Why Early Voting is a Terrible Idea for Minnesota
Democrat lawmakers like Senator Katie Sieben who are pushing early voting are touting the idea as a more cost-effective replacement for the recently-enacted no-excuse absentee voting law. It’s not so simple, however.
Surely it would be more cost-effective to eliminate all security measures around our election system, but what kind of confidence would Minnesotans have in the outcome of our elections?
Just last year, Republican lawmakers struck a deal with Democrats to enact “no-excuse absentee voting” in exchange for keeping “early voting” off the table because of security concerns.
Early voting differs from absentee voting in significant ways. The most apparent difference is that with the early voting system, a voter’s ballot is inserted into a scanner/ballot box and tabulated immediately, while absentee ballots are retained in identifiable, sealed security envelopes until they are counted for the election. Absentee ballots are thus retrievable, in the event a voter learns new information and wishes to change his votes, or in case the voter should be found to be ineligible to vote in that election.
Most importantly, though is that Early voting will also involve no-ID-required Election Day registration in combination with vouching for 15 straight days, instead of the one day this is now permitted (see here for more on why that’s a bad idea).
During the Early voting process (which will take place at government offices and be administered by government employees whose livelihoods may depend on the results of elections), there won’t be the normal neighborhood citizen election judges or a requirement for party balance among the government employees acting as election judges. Further, for the political parties to provide their own election observers (called poll challengers) for 15 straight days is a task so daunting that in practical terms should be considered impossible.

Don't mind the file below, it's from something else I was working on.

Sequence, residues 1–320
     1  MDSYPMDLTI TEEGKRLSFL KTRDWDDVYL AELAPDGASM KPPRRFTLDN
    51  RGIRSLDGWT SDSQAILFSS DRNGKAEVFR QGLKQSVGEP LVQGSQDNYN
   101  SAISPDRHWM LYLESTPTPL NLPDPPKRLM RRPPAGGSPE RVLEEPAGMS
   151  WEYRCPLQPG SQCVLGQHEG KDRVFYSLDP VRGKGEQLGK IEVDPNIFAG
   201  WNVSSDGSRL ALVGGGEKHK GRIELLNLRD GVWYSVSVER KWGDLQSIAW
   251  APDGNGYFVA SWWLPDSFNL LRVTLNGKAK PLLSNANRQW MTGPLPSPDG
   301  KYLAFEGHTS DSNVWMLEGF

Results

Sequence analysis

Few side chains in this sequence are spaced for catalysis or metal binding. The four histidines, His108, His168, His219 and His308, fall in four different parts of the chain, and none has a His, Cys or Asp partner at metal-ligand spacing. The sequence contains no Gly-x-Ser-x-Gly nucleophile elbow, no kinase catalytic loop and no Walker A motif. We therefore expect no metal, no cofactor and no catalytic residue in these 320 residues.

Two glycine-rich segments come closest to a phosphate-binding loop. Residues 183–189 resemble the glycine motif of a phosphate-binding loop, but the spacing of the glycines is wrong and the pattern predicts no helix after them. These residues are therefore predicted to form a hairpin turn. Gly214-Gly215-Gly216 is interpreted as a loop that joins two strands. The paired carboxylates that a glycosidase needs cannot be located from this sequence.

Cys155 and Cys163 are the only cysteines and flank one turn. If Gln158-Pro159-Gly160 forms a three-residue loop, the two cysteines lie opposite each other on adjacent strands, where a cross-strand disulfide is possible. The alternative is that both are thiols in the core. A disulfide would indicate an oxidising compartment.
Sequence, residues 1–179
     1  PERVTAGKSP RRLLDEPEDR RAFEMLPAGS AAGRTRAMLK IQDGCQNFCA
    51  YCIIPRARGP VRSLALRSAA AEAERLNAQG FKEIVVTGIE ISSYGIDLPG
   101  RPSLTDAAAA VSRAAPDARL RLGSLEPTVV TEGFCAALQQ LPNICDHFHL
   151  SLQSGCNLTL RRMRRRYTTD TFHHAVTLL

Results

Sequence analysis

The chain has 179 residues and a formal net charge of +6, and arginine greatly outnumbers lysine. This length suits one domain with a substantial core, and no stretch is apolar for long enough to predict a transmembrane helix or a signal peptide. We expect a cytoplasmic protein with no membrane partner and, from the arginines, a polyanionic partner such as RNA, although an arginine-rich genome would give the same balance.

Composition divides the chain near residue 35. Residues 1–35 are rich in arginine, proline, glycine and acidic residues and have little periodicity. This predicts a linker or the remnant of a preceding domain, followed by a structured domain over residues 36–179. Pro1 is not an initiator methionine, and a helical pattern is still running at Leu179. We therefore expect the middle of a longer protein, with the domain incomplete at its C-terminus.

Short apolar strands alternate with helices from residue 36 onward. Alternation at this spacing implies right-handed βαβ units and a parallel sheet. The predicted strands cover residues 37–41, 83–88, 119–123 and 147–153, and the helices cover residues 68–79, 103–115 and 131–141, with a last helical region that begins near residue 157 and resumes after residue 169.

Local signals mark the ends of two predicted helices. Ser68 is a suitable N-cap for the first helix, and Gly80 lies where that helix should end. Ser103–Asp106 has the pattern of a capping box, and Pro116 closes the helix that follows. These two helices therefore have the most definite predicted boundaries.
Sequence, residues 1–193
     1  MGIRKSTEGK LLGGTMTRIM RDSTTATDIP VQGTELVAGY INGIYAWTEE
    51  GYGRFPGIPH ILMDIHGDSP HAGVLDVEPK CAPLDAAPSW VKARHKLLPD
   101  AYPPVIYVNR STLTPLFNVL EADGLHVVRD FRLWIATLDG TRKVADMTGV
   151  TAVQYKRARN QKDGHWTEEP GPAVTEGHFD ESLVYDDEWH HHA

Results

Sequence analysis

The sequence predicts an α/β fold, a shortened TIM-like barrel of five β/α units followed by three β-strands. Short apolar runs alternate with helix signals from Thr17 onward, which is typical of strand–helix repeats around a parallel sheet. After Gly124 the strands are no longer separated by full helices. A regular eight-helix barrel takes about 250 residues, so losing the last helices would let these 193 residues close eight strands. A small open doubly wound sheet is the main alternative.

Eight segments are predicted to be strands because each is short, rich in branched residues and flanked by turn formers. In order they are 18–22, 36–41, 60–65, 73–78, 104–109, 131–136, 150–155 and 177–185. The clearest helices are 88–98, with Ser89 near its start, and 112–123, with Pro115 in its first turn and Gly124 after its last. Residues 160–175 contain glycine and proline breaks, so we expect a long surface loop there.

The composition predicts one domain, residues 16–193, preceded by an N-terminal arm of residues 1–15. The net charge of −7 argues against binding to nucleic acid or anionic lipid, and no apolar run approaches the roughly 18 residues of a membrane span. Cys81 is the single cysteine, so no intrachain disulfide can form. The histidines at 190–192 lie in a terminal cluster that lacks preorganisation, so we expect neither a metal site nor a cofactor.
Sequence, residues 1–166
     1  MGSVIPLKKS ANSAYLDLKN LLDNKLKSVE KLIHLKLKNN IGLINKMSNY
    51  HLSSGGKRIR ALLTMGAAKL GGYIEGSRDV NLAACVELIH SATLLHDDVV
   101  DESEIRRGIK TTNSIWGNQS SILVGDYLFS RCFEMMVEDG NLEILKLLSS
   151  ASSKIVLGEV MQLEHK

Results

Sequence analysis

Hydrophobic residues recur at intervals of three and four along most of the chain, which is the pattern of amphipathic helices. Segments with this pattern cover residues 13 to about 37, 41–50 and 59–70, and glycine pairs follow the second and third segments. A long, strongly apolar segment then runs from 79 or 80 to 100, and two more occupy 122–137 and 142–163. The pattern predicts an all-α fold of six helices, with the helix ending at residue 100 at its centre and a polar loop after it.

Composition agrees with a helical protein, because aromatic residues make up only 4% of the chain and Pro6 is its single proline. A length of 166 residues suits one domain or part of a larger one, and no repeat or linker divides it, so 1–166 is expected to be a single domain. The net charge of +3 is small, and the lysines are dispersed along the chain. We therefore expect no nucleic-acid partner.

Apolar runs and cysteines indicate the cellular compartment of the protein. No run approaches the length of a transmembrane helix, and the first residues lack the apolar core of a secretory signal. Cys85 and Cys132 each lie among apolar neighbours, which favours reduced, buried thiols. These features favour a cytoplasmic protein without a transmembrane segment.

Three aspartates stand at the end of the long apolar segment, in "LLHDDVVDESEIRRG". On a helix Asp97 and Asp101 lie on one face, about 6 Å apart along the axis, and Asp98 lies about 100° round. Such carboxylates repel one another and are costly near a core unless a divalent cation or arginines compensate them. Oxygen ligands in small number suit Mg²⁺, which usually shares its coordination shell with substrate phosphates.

Early voting discards citizen oversight and partisan observation of elections, creates a 15-fold increase in the potential for vouching fraud, and makes illegitimate ballots impossible to retrieve if a problem is detected.
All of those integrity measures would be thrown out to save a few dollars? According to Senator Sieben, About half of those using no-excuse absentee ballots in 2014 did so in person at county or municipal offices. She asserts that Early voting would save $4 per ballot (a dubious figure, but we’ll accept it for the sake of argument). With about 40,000 absentee voters (20,000 in-person), the cost “savings” with Early voting is a paltry $80,000 (an insignificant figure compared to the entire annual election expense in the millions of dollars – less than $1,000 per county).
Finally, early voting runs afoul of the Minnesota Constitution. Article VII, Section 1 refers only to one Election Day (the first Tuesday after the first Monday in November). The constitution does not accommodate 15 straight Election Days.
Early voting isn’t the only change proposed to Minnesota election laws this year. Also on tap are proposals such as restricting public access to election data, allowing felons still serving out their sentence to vote, letting 16-year-olds register to vote (and holding their registration data private so if they do happen to vote while ineligible, that information would be hidden from the public).
A provision has advanced in the Transportation Funding Omnibus bill to allow illegal aliens to get Minnesota drivers licenses and at the same time a measure in the Senate Elections Omnibus bill would create automatic voter registration when applying for a state ID or drivers license (changing Minnesota’s “Motor-Voter” process from opt-in to opt-out).
Along with all of this, there’s also a measure to weaken the currently mandatory requirement of county attorneys to prosecute voter fraud when they have evidence of it.
Every single one of these proposals weakens the integrity and security of Minnesota’s election system and in combination they compound one another.